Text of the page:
After spending 30 years working the body shop assembly line at the Newark Chrysler plant, Elkton resident Joann Gilley found that she just couldn't sit still. She retired in 2007 and though she volunteered at local missions during her free time, something was missing.
"The Lord just kept saying, ‘You've gotta do something, you've gotta do something,'" said Gilley, a member of the Charlestown Missionary Baptist Church. So in 2008 she founded her own mission, Tabitha's Pantry, at the Charlestown church to provide clothing, cleaning supplies and food to local residents in need. Three years later, the pantry has expanded, and recently signed up its 500th member.
The mission, staffed by church members and volunteers, is open every Friday. The clothing and house wares section is open to the public and customers who financially qualify can register with the pantry to receive free food.
Staff members said the number of registered patrons visiting the pantry has grown recently. The mission's secretary, Joann Fitzgerald, said in previous years, the pantry would serve 70 to 75 families each Friday, but a recent week saw approximately 100 families. She attributes that to the economic downturn.
As the weather gets colder and the holiday season approaches, staff members plan to distribute Thanksgiving-themed foods the Friday before the holiday. Gilley has kept a stash of new toys to sell around Christmastime.
Fitzgerald said Gilley is the driving force behind the Christmas festivities.
"She's like a big kid," Fitzgerald said. "She just gets so excited over Christmas and doing things for these people. She's got a heart of gold, that's all."
On a typical Friday, the mission is stocked with essentials such as clothes, bleach, dishes and an entire room full of food. But customers can also purchase more-frivolous finds such as children's toys, greeting cards and small decorations for their homes.
Customers are given plastic bags to fill with clothing, and each bag costs $3. Registered customers receive one bag of clothing free each Friday.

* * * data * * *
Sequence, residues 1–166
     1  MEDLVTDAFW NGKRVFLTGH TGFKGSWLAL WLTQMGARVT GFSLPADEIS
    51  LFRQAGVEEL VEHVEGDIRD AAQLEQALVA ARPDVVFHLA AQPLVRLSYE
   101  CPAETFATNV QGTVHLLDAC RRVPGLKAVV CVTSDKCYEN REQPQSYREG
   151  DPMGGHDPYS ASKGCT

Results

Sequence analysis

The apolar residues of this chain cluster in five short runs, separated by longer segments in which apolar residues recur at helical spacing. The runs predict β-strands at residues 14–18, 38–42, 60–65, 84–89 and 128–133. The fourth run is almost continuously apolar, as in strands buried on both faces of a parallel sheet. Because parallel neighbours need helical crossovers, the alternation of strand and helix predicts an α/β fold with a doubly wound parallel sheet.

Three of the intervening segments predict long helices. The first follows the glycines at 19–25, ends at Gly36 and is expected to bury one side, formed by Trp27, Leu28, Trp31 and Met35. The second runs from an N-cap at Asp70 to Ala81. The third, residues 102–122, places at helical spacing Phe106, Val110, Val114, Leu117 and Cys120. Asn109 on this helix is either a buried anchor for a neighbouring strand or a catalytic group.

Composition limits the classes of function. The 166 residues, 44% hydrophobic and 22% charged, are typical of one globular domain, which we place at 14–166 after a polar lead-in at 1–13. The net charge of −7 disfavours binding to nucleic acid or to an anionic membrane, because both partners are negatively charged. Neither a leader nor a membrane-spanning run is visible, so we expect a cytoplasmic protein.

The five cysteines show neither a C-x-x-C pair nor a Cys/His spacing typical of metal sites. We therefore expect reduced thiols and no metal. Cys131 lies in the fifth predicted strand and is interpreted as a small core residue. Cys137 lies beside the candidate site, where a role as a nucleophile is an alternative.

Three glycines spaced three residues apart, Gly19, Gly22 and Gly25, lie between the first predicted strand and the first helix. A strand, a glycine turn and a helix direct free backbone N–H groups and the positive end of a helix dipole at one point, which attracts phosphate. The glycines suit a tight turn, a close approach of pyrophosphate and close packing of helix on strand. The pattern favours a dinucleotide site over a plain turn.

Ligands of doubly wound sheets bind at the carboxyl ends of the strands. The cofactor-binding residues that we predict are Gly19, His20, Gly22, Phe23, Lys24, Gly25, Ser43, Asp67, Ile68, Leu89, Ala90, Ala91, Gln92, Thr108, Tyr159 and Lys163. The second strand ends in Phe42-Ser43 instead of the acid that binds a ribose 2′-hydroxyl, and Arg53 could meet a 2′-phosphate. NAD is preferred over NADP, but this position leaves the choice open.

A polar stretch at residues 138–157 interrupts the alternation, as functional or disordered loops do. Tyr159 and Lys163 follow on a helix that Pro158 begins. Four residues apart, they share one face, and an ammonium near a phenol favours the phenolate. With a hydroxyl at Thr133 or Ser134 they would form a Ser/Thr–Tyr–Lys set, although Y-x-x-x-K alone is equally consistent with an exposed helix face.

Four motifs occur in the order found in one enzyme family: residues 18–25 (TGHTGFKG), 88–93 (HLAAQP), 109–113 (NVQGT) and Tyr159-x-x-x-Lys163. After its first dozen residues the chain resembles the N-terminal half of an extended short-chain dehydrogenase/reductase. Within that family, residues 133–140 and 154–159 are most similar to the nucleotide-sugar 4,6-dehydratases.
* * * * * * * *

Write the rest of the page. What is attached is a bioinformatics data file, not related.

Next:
Gilley uses the proceeds from customers' non-food purchases to buy food from the Food Bank of Maryland for her families.
She said the pantry must provide customers with enough food to get them through a full week's worth of meals, and when the same patrons visit week after week, they begin to form relationships.
Port Deposit native Theresa Negron, 58, browsed the movie shelf on a recent Friday and picked up a copy of "Lady & the Tramp" for her granddaughter. She's been coming to the mission for approximately one year, and said the workers are always helpful.
"It's wonderful," Negron said. "It's a lot of help for a lot of people."
Gilley's favorite item to collect for her customers is coats and she named the pantry after the Biblical figure Tabitha, who made cloaks for the needy.
Many of the donations come from Charlestown Missionary Baptist Church's attendees, but she also drives around to local yard sales to give residents her card and ask for donations.
Gilley said it's difficult to resist giving away some of the items to the mission's customers, especially when children visiting the mission are excited about a particular toy but cannot afford to buy it, and she occasionally gives in.
Cassandra Johnson, 24, has been coming to the mission for several months since a friend recommended it to her. She was recently diagnosed with cancer and lost her house-cleaning business. She has been homeless and living with relatives since August.
She said pantry staffers help her with finding cleaning supplies and food for her small children.
"And they're really nice," Johnson added.
Though the mission is only open on Fridays, staffers work throughout the week to manage paperwork and collect donations. Gilley said Wednesday is reserved as her day off, but she rarely misses coming to work that day.
"I just can't help it," she said. "I've just got to do something."